Lender Lack of Authority

Posted by on Aug 9, 2011 in Articles, Memos | Comments Off on Lender Lack of Authority

Galvin Realty Law Group, P.S.

 

MEMORANDUM

 

 

Lender Lack of Authority to Enter Premises and What the Seller and Listing Agent Can do to Prevent such Entry

FACTS:  Generally speaking, owners do not go to great lengths to maintain their property once the foreclosure process has begun.  Some owners vacate the house immediately upon default, leaving the property in its then-existing condition.  Other owners stay in the property during all or part of the foreclosure process, keeping the property only habitable.

 

Everyone knows that a well-maintained property will fetch a higher price than one which has been left unattended.  And, the faster the property can be sold, the better.  A lender’s goal then is to have the property in good condition by the time the trustee sale rolls around, and to prevent deterioration, especially of properties that are vacant during the foreclosure process.  Accordingly, more and more lenders are entering the property prior to the trustee sale to make repairs, winterize, change locks, landscape, etc.  But, do lenders actually have the authority to enter the property prior to the trustee sale?  The answer is NO.

 

LAW:  RCW 7.28.230 guarantees a mortgagor his right to possession of the mortgaged property until foreclosure and sale.  Colman v. Hoffman, 115 Wash.App. 853, 64 P.3d 65 (2003), citing Norlin v. Montgomery, 59 Wash.2d 268, 367 P.2d 621 (1961).  The relevant section of RCW 7.28.230 specifically provides, “A mortgage of any interest in real property shall not be deemed a conveyance so as to enable the owner of the mortgage to recover possession of the real property without a foreclosure and sale according to law.”  RCW 7.28.230.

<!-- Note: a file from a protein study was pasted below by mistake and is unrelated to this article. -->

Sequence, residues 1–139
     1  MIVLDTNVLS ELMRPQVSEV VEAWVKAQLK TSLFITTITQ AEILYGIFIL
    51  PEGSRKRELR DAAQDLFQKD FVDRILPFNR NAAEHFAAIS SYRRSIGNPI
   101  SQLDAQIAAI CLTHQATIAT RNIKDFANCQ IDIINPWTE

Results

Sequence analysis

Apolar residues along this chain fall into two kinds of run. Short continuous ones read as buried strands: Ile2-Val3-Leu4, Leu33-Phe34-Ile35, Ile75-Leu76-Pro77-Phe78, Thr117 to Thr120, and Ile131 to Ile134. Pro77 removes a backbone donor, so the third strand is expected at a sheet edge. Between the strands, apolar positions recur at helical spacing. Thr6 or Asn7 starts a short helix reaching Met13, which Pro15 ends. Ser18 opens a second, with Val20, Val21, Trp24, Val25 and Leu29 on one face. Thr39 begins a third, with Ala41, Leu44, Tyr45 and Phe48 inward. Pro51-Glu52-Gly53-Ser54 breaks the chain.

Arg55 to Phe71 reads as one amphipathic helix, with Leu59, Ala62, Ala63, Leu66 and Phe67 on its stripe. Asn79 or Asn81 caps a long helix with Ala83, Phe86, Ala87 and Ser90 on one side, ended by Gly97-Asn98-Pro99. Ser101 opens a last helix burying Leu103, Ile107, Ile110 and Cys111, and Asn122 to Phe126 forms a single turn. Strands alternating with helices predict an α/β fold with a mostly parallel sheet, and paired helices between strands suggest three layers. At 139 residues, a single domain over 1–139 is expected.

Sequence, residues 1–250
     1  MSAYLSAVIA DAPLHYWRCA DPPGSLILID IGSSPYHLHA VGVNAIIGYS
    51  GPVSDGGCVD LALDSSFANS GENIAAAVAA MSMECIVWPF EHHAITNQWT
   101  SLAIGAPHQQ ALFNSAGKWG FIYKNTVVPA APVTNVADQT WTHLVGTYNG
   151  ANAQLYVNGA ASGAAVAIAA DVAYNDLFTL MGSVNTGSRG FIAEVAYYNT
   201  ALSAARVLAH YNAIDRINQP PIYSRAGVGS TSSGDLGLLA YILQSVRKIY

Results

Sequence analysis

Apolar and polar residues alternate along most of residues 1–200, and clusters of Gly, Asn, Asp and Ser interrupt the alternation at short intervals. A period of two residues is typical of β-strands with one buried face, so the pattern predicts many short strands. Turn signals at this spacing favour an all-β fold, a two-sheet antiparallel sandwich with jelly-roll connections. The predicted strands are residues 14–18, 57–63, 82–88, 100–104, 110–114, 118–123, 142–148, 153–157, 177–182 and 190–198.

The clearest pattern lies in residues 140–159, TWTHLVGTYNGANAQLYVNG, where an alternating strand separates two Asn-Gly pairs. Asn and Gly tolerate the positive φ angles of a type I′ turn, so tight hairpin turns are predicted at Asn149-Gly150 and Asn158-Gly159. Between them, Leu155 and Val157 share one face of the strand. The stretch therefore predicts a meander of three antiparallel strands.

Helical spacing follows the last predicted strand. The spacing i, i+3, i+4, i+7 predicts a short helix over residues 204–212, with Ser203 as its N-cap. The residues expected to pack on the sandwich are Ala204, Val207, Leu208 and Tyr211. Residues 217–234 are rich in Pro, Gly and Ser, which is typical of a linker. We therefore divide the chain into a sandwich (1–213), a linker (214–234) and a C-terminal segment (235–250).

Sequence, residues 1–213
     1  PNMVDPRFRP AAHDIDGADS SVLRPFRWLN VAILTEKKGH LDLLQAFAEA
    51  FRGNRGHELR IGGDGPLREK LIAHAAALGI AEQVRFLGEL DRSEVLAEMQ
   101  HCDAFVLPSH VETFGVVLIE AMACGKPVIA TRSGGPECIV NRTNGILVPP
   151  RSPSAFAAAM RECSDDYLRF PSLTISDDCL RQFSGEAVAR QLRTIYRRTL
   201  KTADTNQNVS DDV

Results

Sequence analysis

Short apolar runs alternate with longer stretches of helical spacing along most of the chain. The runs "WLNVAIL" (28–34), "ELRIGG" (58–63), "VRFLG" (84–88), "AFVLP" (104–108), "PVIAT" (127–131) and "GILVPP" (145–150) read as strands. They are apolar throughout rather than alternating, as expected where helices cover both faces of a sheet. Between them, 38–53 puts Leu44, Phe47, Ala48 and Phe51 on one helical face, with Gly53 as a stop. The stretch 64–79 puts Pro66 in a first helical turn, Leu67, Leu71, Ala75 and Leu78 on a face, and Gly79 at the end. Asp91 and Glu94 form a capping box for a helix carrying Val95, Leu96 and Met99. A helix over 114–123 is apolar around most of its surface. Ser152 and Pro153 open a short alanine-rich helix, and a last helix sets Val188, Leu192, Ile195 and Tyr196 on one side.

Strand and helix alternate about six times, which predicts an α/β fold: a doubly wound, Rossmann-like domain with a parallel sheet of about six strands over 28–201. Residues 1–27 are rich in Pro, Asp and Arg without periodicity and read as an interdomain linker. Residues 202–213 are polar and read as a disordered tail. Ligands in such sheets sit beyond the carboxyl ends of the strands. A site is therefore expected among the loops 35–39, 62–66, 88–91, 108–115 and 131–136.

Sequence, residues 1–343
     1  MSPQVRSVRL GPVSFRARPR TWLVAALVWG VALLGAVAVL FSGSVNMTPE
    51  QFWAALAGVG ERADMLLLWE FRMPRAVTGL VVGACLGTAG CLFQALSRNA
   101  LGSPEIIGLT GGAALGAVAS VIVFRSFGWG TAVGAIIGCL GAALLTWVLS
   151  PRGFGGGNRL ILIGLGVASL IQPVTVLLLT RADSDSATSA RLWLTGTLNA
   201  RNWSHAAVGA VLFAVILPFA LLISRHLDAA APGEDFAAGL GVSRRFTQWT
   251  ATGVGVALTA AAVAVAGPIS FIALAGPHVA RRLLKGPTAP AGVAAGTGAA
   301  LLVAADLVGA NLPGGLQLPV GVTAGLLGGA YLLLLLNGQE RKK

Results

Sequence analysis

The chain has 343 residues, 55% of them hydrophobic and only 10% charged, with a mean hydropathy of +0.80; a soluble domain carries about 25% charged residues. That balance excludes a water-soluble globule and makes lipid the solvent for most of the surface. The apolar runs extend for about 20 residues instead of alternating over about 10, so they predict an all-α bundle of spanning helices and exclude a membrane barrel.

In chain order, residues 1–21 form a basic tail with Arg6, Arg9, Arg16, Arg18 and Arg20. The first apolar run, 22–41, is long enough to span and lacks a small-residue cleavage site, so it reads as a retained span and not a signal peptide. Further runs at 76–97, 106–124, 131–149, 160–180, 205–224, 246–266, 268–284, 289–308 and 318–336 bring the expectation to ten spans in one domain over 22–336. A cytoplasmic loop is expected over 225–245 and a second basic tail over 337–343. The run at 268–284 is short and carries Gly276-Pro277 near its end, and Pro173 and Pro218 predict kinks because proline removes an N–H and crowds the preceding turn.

A mortgagor does not lose his right to possession by failing to make payments on the mortgage, by moving out of the community or by abandonment.  Colman v. Hoffman, 115 Wash.App. 853, 64 P.3d 65 (2003), citing Howard v. Edgren, 62 Wash.2d 884, 385 P.2d 41 (1963).  For example, in Howard v. Edgren the mortgagee took possession of the mortgaged property without consent of the absentee mortgagor prior to running a foreclosure.  The mortgagee then permitted a contract purchaser to run a business on the property for 19 months.  The Washington Supreme Court ruled that the mortgagee had to pay a reasonable rental value (which included increases in value due to improvements and repairs made by the contract purchaser) to the mortgagor due to that possession even though the mortgagor had abandoned the property.  Howard v. Edgren, 62 Wash.2d 884, 385 P.2d 41 (1963).

 

In fact, the Court has held that title to real property in Washington cannot be lost by abandonment.  Cameron v. Bustard, 119 Wash.266, 205 P. 385 (1922).  Even neglect and non-use for a period of over 20 years will not operate as an abandonment of property rights where there is no adverse possession.  Northern Pacific Ry. Co. v. Tacoma Junk Co., 138 Wash. 1, 244 P. 117 (1926), citing Roby v. New York Central & Hudson River Railroad, 36 N.E. 1053, 142 N.Y. 176.

 

Washington is a lien theory state, meaning that mortgagees in Washington have lien rights only.  As stated by the Washington Supreme Court in Western Loan & Building Co. v. Mifflin, it is “well-settled law that . . . [a] mortgage is nothing more than a lien upon the property to secure payment of the mortgage debt, and is in no sense a conveyance entitling the mortgagee to possession or enjoyment of the property as owner.”  Western Loan & Building Co. v. Mifflin, 162 Wash. 33, 297 P. 743 (1931).  A mortgage, whether covering real property or personal property, is only a lien which the mortgagee may foreclose in the manner provided by law.  Carey v. Interstate Bond & Mortgage Co., 4 Wash.2d 632, 104 P.2d 579 (1940), citing McClellan v. Gaston, 18 Wash. 472, 51 P. 1062 (1898), Roche Fruit & Produce Co. v. Vaught, 143 Wash. 601, 255 P. 953; Parks v. Yakima Valley Prod, Cr. Ass’n, 194 Wash 380, 78 P.2d 162; Lemaire v. Yakima Valley Prod. Cr. Ass’n, 194 689, 79 P.2d 693.

 

Often, deeds of trusts and other security agreements include language to the effect that the lender has the right to take possession of the property upon the mortgagor’s default.  Whether or not such language is present, a mortgagee does not have authority to enter the premises upon the mortgagor’s default.